Performance Consulting

Success depends on good performance. Period.

The better your performance, the better chance you have of succeeding.

Corporations must perform. Hospitals must perform. Schools must perform.

Leaders, nurses, teachers, athletes, clerks, sales people, servers, and engineers have to perform.

The more we can predict and manage performance, the bigger our competitive advantage.

What's the key to understanding performance?
It is out of sight, but not out of reach . . .

If everyone thinks they have the answer to performance, then we want to start with the question: The first question would address the complexity of performance. There is no "magic bullet" or secret formula that will transport you to performance nirvana. And, although hard work seems to be one element of high performers, especially those who do not have as much physical or natural talent as their peers, hard work alone won't do it . . . or a whole lot of us would have been superstars!

About six years ago we encountered an area of cognitive psychology that introduced us to the construct of attitudinal and motivational patterns. These patterns, it turns out, have a large impact on how we experience the world, on the manner and extent to which we use our competencies, and how our emotional systems contribute to motivation.

In conjunction with a strategic partner, Patrick Merlevede of jobEQ, we began work on a visible template of how performance occurs. The current version of that template is the graphic below. We've been using this template for the last six years to structure and manage research, interventions, and learning. We are gaining more and more evidence that nested in this fairly simple template of a complex concept of performance is something worth pursuing . . . unless, of course, you are absolutely convinced that there is a performance equivalent to the Fountain of Youth.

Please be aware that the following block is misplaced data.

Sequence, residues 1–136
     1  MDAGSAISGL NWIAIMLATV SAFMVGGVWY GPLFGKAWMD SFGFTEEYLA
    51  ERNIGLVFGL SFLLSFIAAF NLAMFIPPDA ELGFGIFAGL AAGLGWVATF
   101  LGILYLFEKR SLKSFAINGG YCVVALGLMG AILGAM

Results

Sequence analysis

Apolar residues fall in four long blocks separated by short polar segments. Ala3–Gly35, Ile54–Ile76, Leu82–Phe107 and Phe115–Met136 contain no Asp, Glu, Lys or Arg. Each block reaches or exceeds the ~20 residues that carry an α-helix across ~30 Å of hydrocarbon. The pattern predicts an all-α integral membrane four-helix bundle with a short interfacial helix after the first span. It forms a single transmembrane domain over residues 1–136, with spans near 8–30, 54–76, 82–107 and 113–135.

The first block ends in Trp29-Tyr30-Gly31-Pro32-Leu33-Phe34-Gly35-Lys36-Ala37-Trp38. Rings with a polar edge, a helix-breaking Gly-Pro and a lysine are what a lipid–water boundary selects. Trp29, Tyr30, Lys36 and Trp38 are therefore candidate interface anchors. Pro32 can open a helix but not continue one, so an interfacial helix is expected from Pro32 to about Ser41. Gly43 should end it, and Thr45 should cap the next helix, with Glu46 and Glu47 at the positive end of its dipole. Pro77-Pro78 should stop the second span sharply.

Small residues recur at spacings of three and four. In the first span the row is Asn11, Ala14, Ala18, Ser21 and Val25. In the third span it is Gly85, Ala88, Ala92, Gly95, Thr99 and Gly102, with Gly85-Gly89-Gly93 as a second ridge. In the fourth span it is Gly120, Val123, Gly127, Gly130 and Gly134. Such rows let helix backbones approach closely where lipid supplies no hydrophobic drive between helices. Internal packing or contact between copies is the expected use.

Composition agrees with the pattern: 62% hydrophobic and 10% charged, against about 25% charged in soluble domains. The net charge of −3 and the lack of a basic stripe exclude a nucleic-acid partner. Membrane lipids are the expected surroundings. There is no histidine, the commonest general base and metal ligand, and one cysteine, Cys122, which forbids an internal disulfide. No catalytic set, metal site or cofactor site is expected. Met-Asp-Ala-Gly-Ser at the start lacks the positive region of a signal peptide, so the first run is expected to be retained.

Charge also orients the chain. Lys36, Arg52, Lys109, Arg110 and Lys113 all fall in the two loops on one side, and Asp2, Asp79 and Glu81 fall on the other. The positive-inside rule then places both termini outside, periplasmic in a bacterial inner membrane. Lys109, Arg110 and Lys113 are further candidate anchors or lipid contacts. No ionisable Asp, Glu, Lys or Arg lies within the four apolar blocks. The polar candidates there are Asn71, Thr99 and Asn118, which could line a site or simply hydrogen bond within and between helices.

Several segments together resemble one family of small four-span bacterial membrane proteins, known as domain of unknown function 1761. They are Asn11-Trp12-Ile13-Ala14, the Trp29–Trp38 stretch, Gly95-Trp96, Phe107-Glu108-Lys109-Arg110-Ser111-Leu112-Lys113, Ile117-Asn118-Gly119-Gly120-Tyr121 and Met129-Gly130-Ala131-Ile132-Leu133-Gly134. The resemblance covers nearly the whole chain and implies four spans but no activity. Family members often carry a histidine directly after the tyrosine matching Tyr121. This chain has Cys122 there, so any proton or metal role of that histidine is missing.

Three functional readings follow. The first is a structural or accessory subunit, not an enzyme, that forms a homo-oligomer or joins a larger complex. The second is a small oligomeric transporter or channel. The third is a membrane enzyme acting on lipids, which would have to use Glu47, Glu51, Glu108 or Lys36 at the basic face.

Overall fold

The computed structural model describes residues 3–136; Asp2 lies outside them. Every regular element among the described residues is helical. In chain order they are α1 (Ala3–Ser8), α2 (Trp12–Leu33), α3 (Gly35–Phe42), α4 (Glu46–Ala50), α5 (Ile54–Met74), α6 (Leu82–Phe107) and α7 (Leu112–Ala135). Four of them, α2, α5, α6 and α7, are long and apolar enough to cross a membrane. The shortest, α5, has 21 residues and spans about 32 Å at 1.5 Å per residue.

Our Perspective on Performance

Based on our experience to date, we are convinced of the following:

There's more, but that gives you and idea of how the literature, research, and experience map the landscape.

What we are documenting in case after case is that the extent to which you know what patterns are characteristics of high performers in a context and a role, you have the information you need to identify individuals who have a higher probability of performing at levels of excellence.

Some Performance Resources

To date, our application of knowledge about performance has been primarily focused on incorporating the assessment of motivational and attitudinal patterns into leadership development and coaching efforts. The tool we use is called The Inventory for Work Attitude and Motivation (iWAM).

In addition, we have done some work combining assessment of two of the three components of the performance mode—one involving two sales organizations (Motivational & Attitudinal Patterns + Sales Performance Analysis) and one on youth leadership camp staff (Motivational & Attitudinal Patterns + Values Analysis). For information on these and other projects, contact us.

The flagship of the performance analysis tools for motivational and attitudinal patterns is called a Model of Excellence. A model involves a statistical and analytic review of motivational and attitudinal data and performance ratings. The result identifies the key patterns related to performance in a role and the range into which high performers fall. Further, the analysis yields a predictive statistic indicating what percentage of the performance rating can be attributed to the patterns. With a high enough predictive percentage (the best tools in hiring yield a 40-45% prediction according to some research) and other screening tools that provide other kinds of critical information related to performing well, an organization can significantly improve the quality of people it hires. There is also a strong indication that correct hiring also improves engagement and longevity!

For more information on how to predict and manage performance, contact us.